Sugar S1E3 Recap: “Shibuya Crossing” Is a Busy Intersection

John Sugar makes an incredulous face
Screenshot/Apple TV+

The following recap contains spoilers for Sugar S1E3, “Shibuya Crossing” (written by Mark Protosevich & David Rosen and directed by Adam Arkin)

Sugar S1E3 more or less picks up where Episode 2 left off. Melanie (Amy Ryan) gets a call from Teresa (Cher Alvarez), who says she was ambushed in her apartment by scary men and that she’s freaked out about it. But Stallings (Eric Lange) and his crew aren’t actually gone; he’s forcing Teresa to make the call to lure Melanie to the apartment.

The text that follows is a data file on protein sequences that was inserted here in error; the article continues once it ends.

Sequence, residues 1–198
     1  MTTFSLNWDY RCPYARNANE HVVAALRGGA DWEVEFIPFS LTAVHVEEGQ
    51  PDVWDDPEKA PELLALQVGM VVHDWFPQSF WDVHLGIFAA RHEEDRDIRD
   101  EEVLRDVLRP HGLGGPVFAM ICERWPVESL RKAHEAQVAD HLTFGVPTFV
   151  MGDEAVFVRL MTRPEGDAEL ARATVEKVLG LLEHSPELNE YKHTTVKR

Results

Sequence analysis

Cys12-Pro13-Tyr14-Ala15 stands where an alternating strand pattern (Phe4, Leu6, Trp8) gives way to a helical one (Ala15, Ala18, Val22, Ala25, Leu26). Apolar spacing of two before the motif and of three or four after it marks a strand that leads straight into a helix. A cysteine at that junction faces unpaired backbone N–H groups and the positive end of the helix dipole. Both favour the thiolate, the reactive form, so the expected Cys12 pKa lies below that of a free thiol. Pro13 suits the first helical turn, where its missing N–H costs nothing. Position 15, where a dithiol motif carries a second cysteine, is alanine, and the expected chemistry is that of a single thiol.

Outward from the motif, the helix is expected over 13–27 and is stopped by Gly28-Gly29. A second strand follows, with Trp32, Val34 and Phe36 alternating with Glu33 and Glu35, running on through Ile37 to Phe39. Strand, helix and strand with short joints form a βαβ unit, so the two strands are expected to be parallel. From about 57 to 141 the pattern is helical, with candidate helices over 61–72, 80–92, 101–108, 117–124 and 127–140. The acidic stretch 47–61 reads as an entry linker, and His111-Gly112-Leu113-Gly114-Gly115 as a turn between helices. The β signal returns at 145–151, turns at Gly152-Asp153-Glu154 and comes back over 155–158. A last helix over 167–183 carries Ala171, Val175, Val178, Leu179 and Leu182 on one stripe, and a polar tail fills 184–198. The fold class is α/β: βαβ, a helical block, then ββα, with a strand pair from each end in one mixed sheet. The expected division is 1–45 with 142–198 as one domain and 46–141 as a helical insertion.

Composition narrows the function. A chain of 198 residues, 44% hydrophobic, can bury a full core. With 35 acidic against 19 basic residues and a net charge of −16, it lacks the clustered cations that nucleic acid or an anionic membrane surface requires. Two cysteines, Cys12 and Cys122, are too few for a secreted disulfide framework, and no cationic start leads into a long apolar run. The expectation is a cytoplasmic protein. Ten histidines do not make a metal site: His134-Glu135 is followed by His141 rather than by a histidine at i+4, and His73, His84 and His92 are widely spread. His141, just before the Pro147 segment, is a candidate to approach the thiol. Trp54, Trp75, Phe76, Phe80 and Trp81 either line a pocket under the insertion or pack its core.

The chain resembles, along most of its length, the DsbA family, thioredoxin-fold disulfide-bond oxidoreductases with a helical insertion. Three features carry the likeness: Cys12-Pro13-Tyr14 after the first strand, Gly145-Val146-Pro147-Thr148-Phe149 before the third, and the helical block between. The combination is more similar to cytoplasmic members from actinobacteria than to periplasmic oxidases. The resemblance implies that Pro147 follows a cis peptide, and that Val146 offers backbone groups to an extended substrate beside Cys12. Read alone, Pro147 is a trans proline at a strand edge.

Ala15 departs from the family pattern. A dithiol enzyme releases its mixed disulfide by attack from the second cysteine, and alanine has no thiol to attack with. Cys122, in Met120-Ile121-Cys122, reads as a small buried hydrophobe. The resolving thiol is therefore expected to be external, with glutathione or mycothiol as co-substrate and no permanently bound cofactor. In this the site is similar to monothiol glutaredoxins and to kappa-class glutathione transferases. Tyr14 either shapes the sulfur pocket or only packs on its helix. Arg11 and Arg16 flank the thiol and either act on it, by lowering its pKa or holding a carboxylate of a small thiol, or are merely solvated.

Stallings looks at Teresa
Screenshot/Apple TV+

Once she’s there, Stallings grills Melanie about Clifford. She insists that she doesn’t know anything about where Clifford might be or what might have happened to him, but Stallings doesn’t believe her. Melanie’s points are logical, but he has a gut feeling, so he’s going to stick Teresa’s hand in a blender to see how Melanie reacts and what she’ll tell him.

Thankfully, John Sugar (Colin Farrell) has tasked Charlie (Paula Andrea Placido) with following Melanie, so he’s gotten a heads-up and arrives at the scene in time to keep poor Teresa’s hand from becoming a smoothie ingredient. John pretends to be Teresa’s parole officer, and while Stallings doesn’t buy that (because a PO could never afford such a nice suit), John is able to disrupt things, get Teresa and her children to safety, and drive off with Melanie so they can talk.

Sugar and Charlie in a van together
Screenshot/Apple TV+